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Bottled Water Industry

Bottled Water Segment – Number Two in the Beverage Category

It seems like everyone appreciates bottled water's convenience, healthfulness, good taste and dependable quality. After all, it's healthy, refreshing, and free of calories and additives.

People are increasingly returning to water as their choice of refreshment and source for well-being. In fact, in 2005, 82 percent of adults, ages 18-59, consumed bottled water; 70 percent consumed at least one bottle per week*.

* Source: FRC Research, an Internet survey of 7,622 adults across the U.S., February to August 2005. (margin of error +/- 1.3%)

BlueTriton Brands – A Leader in the Bottled Water Industry

We have made significant investments in our people, facilities and technology have enabled high-speed manufacturing practices, high-quality products and a low-cost distribution system.

In Canada, bottled water is regulated as a food by Health Canada. Water bottling companies are inspected by the Canadian Food Inspection Agency. Permits to take water must be applied for and obtained from provincial environment ministries. Bottling companies continuously test their product to ensure its quality, and Canadian Bottled Water Association members must adhere to the association's stringent Bottled Water Model Code, Bottled Water Food Safety Practices, Certified Plant Operator Program and Third-Party Plant Audit requirements as a condition of membership. Most of the bottled water produced in Canada is sold in Canada. Bottled water companies range from large multinationals to small and medium-sized Canadian-owned companies. There are two different segments of bottled water markets within the industry:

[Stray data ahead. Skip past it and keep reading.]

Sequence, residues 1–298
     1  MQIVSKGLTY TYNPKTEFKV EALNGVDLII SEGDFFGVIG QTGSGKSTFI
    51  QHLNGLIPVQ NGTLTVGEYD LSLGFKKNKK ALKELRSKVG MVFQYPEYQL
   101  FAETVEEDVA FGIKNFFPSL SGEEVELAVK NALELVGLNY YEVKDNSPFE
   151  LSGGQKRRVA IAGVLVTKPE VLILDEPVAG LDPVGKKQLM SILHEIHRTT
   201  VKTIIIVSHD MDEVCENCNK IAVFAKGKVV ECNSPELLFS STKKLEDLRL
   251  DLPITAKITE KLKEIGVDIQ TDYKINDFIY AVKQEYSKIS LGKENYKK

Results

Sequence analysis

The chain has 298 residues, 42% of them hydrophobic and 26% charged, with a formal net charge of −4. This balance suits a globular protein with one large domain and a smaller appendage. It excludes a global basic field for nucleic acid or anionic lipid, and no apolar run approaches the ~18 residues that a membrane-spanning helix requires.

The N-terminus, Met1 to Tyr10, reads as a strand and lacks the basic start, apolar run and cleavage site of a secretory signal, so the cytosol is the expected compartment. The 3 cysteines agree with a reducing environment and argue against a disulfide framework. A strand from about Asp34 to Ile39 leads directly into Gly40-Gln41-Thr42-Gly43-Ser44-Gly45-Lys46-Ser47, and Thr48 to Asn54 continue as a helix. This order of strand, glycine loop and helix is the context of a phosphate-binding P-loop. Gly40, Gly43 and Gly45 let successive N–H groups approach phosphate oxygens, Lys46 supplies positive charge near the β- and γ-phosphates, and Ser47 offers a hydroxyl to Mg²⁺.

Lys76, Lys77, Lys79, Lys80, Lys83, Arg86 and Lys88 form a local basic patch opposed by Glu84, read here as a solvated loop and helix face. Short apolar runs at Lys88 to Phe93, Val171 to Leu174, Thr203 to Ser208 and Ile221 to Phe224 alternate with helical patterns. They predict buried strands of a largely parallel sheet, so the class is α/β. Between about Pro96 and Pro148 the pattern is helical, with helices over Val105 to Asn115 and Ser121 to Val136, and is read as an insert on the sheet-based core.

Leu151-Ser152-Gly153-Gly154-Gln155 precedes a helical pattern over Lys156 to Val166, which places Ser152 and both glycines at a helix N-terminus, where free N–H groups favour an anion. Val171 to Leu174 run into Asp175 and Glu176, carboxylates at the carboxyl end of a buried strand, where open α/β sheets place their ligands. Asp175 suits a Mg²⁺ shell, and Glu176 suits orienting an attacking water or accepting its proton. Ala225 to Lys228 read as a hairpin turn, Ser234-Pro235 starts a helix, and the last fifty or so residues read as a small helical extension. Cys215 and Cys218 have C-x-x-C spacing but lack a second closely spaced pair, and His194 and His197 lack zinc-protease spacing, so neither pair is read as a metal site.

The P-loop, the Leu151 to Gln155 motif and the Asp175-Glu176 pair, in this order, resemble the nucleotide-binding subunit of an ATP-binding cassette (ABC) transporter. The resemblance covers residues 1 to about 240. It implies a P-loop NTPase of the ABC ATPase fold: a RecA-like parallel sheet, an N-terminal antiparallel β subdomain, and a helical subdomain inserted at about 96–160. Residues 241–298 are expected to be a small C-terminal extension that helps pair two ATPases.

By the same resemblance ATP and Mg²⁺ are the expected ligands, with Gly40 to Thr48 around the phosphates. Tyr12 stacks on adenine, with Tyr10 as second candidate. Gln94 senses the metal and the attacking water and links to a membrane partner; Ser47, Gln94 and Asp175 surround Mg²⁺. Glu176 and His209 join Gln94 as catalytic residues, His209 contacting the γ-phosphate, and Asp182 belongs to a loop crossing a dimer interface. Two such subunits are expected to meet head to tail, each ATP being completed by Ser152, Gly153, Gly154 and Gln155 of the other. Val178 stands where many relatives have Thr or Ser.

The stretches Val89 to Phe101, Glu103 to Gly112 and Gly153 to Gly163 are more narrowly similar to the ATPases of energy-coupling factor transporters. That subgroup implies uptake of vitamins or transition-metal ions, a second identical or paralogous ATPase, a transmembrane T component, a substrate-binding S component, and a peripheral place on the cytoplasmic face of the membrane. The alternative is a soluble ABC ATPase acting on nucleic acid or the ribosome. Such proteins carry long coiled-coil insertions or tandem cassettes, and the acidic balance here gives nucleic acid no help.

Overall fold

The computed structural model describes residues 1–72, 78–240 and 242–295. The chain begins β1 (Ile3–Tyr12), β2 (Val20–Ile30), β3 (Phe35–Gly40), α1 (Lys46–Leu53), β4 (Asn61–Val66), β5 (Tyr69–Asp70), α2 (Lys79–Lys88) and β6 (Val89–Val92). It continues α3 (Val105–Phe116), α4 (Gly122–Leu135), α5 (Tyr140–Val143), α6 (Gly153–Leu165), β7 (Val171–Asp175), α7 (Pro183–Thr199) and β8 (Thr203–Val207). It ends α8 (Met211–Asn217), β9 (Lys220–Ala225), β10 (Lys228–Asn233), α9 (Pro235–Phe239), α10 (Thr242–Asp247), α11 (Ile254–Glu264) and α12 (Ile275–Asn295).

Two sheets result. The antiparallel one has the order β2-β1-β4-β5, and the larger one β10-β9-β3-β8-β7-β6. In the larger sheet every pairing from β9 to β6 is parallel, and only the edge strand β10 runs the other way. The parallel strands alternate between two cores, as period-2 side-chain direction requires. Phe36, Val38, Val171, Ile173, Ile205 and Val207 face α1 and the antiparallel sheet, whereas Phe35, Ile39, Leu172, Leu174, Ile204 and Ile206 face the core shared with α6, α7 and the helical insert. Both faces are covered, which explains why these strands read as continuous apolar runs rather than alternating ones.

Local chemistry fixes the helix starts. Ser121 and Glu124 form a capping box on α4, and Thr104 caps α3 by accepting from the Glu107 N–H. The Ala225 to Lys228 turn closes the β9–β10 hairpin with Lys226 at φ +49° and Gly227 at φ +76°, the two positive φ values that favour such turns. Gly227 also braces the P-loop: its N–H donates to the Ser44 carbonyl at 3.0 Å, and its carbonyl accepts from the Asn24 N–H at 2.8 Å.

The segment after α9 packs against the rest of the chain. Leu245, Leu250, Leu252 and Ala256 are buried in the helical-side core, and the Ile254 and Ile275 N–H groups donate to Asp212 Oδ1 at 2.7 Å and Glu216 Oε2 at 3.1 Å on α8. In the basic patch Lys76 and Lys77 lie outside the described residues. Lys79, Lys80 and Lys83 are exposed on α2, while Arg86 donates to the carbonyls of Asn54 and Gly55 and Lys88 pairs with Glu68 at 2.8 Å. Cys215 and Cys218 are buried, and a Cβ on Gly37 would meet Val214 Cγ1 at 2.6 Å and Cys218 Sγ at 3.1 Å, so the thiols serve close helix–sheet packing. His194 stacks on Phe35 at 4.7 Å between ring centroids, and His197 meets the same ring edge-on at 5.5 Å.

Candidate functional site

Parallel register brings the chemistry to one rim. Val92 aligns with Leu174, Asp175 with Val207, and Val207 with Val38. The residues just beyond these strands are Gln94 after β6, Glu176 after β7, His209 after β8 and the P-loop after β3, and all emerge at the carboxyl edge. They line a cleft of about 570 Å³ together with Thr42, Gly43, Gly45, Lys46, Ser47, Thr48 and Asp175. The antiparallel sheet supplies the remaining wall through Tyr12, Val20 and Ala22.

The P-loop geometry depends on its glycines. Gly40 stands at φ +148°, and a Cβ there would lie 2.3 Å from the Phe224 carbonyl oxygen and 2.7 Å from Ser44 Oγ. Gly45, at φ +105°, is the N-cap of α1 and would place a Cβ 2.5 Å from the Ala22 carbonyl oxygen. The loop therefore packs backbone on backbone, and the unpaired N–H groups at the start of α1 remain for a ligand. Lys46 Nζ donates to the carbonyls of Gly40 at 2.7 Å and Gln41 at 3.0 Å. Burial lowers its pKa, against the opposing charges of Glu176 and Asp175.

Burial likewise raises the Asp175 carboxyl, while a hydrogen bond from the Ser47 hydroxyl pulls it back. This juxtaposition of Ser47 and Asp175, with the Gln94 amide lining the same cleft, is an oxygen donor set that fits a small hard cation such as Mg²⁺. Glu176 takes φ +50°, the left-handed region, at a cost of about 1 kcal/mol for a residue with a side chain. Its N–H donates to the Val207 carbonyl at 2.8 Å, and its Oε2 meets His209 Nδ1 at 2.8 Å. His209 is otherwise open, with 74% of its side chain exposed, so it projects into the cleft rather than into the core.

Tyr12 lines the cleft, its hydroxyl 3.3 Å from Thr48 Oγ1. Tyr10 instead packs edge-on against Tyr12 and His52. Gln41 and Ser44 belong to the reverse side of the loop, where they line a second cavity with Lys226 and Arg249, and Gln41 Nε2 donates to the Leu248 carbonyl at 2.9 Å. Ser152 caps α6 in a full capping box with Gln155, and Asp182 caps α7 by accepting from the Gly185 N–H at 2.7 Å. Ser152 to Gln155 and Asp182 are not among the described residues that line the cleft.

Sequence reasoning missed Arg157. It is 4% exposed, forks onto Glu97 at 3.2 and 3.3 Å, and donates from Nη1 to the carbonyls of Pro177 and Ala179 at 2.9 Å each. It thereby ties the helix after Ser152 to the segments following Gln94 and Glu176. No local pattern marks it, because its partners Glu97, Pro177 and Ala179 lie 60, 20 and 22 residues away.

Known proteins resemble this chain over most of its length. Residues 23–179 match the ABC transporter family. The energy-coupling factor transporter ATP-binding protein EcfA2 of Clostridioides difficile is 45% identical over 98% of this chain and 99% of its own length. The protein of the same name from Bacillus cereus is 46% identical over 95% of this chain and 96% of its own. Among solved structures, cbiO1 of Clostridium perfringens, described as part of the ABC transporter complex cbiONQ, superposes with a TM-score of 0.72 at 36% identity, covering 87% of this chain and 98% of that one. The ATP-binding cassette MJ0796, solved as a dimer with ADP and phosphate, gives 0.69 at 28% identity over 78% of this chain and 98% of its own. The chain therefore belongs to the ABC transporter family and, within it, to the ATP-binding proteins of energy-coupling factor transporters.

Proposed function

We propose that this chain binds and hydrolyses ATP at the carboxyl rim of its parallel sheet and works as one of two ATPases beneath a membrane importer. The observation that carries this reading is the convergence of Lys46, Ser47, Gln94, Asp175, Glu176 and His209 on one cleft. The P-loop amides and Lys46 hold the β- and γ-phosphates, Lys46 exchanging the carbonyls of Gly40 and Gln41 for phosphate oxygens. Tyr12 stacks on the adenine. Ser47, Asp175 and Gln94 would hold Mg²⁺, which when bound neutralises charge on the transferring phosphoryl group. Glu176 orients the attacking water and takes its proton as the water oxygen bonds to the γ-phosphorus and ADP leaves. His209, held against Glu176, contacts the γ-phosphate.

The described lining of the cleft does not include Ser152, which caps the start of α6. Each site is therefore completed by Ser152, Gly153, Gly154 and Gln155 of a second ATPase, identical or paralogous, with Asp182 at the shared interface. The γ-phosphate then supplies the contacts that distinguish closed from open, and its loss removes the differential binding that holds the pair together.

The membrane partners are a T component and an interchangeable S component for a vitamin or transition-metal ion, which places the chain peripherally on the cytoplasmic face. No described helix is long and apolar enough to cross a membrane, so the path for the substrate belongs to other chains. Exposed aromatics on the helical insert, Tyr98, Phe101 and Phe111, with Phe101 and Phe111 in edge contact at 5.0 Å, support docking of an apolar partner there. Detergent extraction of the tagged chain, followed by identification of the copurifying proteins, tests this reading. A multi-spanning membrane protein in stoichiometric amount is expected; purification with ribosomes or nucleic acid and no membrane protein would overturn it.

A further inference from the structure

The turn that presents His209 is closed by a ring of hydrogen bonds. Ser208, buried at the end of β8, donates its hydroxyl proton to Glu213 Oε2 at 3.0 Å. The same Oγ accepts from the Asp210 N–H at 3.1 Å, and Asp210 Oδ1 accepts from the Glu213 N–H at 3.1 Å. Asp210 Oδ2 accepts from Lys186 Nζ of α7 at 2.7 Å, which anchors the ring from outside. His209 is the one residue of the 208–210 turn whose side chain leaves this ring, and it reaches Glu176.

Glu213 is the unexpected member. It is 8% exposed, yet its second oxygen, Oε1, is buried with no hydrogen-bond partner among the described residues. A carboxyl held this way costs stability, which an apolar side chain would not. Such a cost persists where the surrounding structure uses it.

• The home and office delivery (HOD) format, which consists of primarily returnable polycarbonate containers (up to 18 litres in size);
  • The single-serve PET bottle format, ranging from 250 ml to 3 litres.

The industry's first bottled water companies started in Toronto and Montreal just after World War I, delivering bottled water to offices and homes. A number of factors have contributed to the popularity of bottled water. As consumers focus on healthy eating with a significant emphasis on sufficient hydration, bottled water is seen as a natural product and a vital part of a healthy lifestyle. Demand has also increased as a result of greater portability and accessibility via convenience stores, gas stations, supermarkets, food service and hospitality, and vending machines. The increased consumption of bottled water has moved the product beyond the niche market and into the mainstream as bottled water has become a basic staple for many Canadians.

Bottled water competes with a variety of packaged beverages, including carbonated soft drinks, milk, juices, soya beverages, energy drinks and sport drinks, and to a lesser extent with hot drinks such as coffee, tea and hot chocolate, and low-alcohol wine coolers and ciders. We see our competition as other bottled beverages, NOT tap water.

“Bottled water competes with a variety of other cold beverages, including carbonated soft drinks, milk, juices, soya beverages, energy drinks, and sport drinks and to a lesser extent with hot drinks such as coffee, tea and hot chocolate, and low alcohol wine coolers and ciders.” (1)

The majority of Canadians (52%) drink a combination of bottled and tap water. (2) They consume tap water at home and bottled water on the go for proper hydration, good health and simple convenience. (3)

Quality standards for bottled and municipal waters are similar. Bottled water is held to the same scrutiny as tap water and is strictly regulated by Health Canada and the Canadian Food Inspection Agency as a food product. According to Health Canada: “Consumers should be aware that bottled water is as safe to consume as tap water from a microbiological quality and chemical safety standpoint.” (4)

Less than 1% of municipal tap water is used for drinking. If the bottled water industry ceased operation tomorrow, there would be no appreciable increase in the amount of tap water consumed by Canadians. (5)

1 Agriculture & Agri-food Canada. The Canadian Bottled Water Industry. 25 Mar 2009.
2 Probe Research Inc. July 2012.
3 Probe Research Inc. July 2012.
4 Health Canada. Food and Nutrition, Questions and Answers on Bottled Water. December 15, 2013.
5 City of Toronto. Public Works. December 2008.